The American Bar Association (ABA) House of Delegates approved a judicial disqualification resolution today. The resolution urges states to establish clear procedures for dealing with judicial disqualification and calls for greater transparency of campaign spending in judicial races. The Brennan Center applauds the ABA’s for its leadership on judicial recusal and for taking this historic action.
The Brennan Center has consistently advocated for clear and comprehensive disqualification rules. We previously documented the threats that costly, negative, and special interest funded judicial election campaigns present to a fair and impartial judiciary. Indeed, numerous public opinion polls report that Americans are concerned about judicial neutrality in light of the ever increasing incursion of cash in the courtroom—three in four believe that campaign spending can influence courtroom decisions and a similar majority overwhelmingly agree that a challenged judge should not have the final say on his or her own disqualification.
Reforming disqualification practices in state courts is one way to reassure the public that judges’ decisions are not held captive by partisan political concerns nor—in the 39 states that elect judges—judicial campaign spending. In 2009, the U.S. Supreme Court recognized in Caperton v. Massey that there was a “serious, objective risk of actual bias” when a judge refused to step aside from a case involving his principal benefactor. The Court also noted that states would be well served to adopt recusal rules “more rigorous” than the Constitution requires. Nonetheless, more than two years after the landmark judicial disqualification decision, states have failed to implement meaningful reform.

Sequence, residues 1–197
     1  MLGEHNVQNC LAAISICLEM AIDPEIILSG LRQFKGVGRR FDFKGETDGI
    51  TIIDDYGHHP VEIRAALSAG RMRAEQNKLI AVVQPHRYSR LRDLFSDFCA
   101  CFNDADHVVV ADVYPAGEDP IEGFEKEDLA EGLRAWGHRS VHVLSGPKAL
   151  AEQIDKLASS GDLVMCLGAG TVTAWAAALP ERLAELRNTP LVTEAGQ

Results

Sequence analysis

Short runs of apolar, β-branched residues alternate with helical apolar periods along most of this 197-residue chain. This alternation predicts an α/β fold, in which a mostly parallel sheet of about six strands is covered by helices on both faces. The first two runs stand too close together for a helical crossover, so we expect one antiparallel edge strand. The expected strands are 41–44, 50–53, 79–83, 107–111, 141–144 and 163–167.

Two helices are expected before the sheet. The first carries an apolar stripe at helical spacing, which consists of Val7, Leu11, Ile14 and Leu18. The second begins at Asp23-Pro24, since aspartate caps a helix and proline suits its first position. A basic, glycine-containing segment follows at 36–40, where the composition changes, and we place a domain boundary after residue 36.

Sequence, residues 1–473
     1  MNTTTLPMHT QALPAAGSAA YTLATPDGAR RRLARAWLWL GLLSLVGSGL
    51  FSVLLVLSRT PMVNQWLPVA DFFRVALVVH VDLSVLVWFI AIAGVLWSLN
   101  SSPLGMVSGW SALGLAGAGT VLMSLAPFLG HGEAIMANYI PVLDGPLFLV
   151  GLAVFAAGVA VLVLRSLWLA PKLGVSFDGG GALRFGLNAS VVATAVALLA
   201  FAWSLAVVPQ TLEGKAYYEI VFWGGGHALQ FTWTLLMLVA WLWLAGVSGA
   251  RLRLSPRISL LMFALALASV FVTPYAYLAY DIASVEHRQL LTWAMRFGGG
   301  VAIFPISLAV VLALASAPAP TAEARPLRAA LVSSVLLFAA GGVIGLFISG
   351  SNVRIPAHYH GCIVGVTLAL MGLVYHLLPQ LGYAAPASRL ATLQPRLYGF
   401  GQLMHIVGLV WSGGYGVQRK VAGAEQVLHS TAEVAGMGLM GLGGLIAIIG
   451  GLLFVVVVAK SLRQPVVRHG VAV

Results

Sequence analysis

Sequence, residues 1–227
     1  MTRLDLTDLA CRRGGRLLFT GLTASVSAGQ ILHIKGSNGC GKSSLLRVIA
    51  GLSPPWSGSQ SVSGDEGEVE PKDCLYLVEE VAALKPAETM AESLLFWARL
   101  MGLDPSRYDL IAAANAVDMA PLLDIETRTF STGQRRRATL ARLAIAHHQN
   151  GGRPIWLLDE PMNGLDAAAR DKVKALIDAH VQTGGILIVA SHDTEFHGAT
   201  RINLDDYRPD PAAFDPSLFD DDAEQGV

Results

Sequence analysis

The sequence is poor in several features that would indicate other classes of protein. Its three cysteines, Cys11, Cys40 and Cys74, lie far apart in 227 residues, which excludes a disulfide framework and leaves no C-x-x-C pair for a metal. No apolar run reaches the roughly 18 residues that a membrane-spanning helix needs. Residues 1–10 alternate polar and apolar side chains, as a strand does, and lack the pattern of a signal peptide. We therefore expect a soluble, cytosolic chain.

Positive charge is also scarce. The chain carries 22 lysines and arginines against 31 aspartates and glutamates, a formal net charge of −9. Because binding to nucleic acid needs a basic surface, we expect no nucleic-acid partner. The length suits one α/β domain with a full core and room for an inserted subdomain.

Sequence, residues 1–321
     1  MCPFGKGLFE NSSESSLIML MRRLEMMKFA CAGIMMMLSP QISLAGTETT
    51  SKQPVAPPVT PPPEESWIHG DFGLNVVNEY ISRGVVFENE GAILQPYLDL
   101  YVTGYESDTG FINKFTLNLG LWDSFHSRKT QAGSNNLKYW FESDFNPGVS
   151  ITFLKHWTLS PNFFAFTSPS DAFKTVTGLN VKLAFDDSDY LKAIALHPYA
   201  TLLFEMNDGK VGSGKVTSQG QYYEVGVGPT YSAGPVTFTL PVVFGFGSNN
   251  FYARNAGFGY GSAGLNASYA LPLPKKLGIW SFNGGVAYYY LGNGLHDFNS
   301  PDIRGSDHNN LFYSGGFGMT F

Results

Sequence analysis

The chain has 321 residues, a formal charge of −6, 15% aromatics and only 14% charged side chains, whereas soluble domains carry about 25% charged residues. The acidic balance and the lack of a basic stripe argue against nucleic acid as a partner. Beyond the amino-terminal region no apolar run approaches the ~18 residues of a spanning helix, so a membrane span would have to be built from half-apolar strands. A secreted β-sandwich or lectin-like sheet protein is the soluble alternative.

We hope that states will heed the ABA’s suggestions. We are pleased the ABA’s judicial recusal guidelines closely follow the proposals outlined in our study of state action on judicial recusal: Promoting Fair and Impartial Courts through Recusal Reform.
As special interest spending in judicial elections continues to escalate, states must respond to the ABA’s resolution and develop new standards and procedures for judicial disqualification and related disclosure in order to preserve the fairness and impartiality of the judiciary.